Veolia, a French multinational, are involved in several projects in occupied Palestine, providing services to Israel’s illegal settlements (see http://www.corporatewatch.org/?lid=3433, http://www.corporatewatch.org/?lid=3474 and http://www.corporatewatch.org/?lid=3514). Veolia has come under intense pressure to pull out of the Citypass Consortium, the group of companies responsible for building the Jerusalem Light Railway. After years of pressure Veolia has attempted to pull out of the scheme but has not been able to extricate itself from its contractual obligations to the Israeli government.
We decided to spend a few hours walking the route of the tramline from Jaffa St to the settlement of Pisgat Ze’ev. The line connects illegal Israeli settlements in East Jerusalem to West Jerusalem and the Old City. We walked along Jaffa Street to the walls of the old city. Past the border police checking Palestinian IDs at New Gate and on to Damascus Gate. From Damascus Gate the line runs west stopping frequently outside the hotels and Jewish religious communities built on occupied Palestinan land on Nablus road. The tramway runs past the settlement buildings and Palestinian houses occupied by settlers in Sheikh Jarrah and stops outside the settlement of Giv’at Ha Mivtar. The line passes through the Ramot Eshkol area, a settlement built on the land of the Palestinian area of Lifta and splits into two with one line running straight to the settlement of Pisgat Ze’ev.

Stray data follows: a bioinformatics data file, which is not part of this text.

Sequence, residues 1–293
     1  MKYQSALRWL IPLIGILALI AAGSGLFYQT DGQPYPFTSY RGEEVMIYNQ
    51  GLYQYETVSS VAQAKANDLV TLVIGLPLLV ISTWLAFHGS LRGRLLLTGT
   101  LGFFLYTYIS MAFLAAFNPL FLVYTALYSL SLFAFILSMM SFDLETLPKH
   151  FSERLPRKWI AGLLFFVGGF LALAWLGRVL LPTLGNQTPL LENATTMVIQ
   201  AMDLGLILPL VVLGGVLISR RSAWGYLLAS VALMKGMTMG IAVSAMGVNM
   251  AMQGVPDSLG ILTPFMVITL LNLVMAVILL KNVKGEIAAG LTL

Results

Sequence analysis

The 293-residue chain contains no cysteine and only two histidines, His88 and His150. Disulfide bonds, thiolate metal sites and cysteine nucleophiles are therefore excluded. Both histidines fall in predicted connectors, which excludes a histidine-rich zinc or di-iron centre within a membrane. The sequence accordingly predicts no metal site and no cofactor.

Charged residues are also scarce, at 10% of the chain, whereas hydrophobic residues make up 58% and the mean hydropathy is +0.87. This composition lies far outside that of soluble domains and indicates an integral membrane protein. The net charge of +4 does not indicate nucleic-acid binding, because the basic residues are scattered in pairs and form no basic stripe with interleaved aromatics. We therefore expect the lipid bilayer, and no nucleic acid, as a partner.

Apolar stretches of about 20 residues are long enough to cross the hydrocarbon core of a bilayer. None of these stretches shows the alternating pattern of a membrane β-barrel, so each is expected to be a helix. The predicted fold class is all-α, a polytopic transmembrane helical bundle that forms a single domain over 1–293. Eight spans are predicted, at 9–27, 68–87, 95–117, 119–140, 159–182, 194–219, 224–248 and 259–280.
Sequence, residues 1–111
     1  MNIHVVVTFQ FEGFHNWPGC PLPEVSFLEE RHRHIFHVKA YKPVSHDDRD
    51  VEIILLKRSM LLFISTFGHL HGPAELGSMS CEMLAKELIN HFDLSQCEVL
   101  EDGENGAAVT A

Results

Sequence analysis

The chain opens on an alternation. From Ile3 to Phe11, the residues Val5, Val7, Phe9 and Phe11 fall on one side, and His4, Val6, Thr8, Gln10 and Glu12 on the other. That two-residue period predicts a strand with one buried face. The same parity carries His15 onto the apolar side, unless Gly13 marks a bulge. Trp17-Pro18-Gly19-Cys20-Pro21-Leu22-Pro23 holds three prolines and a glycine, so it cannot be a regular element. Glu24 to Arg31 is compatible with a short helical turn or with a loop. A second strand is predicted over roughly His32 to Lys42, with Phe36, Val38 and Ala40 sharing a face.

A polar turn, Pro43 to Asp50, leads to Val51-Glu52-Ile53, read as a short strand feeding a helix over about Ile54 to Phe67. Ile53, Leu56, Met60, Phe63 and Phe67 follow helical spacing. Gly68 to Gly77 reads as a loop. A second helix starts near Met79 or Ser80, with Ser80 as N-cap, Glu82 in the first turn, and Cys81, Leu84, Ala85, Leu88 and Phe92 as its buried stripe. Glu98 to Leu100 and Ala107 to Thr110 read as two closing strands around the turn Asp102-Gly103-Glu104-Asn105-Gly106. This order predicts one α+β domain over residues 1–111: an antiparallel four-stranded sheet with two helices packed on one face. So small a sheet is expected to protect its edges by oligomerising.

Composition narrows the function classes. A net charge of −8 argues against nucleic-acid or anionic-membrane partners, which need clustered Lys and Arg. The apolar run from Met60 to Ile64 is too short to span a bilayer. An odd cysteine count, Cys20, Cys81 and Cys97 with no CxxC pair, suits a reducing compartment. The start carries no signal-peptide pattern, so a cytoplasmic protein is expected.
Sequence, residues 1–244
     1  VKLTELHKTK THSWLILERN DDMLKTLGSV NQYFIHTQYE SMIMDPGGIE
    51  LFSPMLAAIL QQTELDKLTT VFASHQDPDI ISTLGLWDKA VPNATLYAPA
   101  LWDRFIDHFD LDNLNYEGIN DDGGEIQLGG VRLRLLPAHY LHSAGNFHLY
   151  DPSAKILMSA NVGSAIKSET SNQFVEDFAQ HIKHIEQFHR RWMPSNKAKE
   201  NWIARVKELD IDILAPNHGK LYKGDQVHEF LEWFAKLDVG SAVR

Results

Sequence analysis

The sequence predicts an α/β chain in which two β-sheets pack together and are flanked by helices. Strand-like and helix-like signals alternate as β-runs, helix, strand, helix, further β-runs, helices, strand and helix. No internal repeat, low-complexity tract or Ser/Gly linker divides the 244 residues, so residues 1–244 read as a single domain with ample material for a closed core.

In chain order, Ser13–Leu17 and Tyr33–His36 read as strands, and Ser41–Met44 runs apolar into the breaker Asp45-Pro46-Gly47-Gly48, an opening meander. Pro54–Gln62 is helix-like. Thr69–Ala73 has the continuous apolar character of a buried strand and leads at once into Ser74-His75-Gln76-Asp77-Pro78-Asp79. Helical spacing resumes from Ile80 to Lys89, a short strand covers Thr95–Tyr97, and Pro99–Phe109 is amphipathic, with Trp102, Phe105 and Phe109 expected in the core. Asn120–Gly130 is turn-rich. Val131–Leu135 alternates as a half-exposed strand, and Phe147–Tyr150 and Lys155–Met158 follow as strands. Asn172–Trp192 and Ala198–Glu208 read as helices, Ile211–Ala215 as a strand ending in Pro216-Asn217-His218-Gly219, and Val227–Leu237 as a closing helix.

The line conveniently bypasses the Hizmah checkpoint leading to the lands of Shu’afat and Hizma. These lands are encircled by a 6 foot fence, rolls of barbed wire and a military road overlooked by a military watchtower. About half a kilometre along the road the tram line returns from its detour in the affluent community of Pisgat Ze’ev. Pisgat Ze’ev is a settlement of over 4000 people established in 1985 on the land of Palestinians from Beit Hanina and Hizma.
Ever since the first Palestinian call for boycott, divestment and sanctions against Israel in 2005, French multinational Veolia has been on campaigners’ list of boycott targets for its investment in the controversial East Jerusalem tram line and involvement in ‘settlers only’ bus routes. As a result of high profile boycott campaigns around the world, Veolia last year attempted to abandon its part in the tram line project (see previous articles: 1 | 2). But Veolia’s shameless facilitation of settlement infrastructure does not end there. On a recent visit to the area, Corporate Watch investigated the impact of Veolia’s other big operation on occupied land: the Tovlan landfill. Continue reading
Veolia sponsors Wildlife Photographer of the Year
This year’s Wildlife Photographer of the Year competition is being sponsored by Veolia Environmental Services, which is accused by campaigners of profiting from the Israeli occupation of Palestine (see http://electronicintifada.net/v2/article10909.shtml). The international showcase for the “very best” nature photography is owned the Natural History Museum and the BBC Wildlife Magazine. The award is no stranger to controversial sponsorship deals; recent years saw fossil fuel giant, Shell, acting as sponsor.
Over the last year Corporate Watch has reported on the growing international campaign against Veolia and its attempts to extract itself from a controversial contract with the Israeli government. Continue reading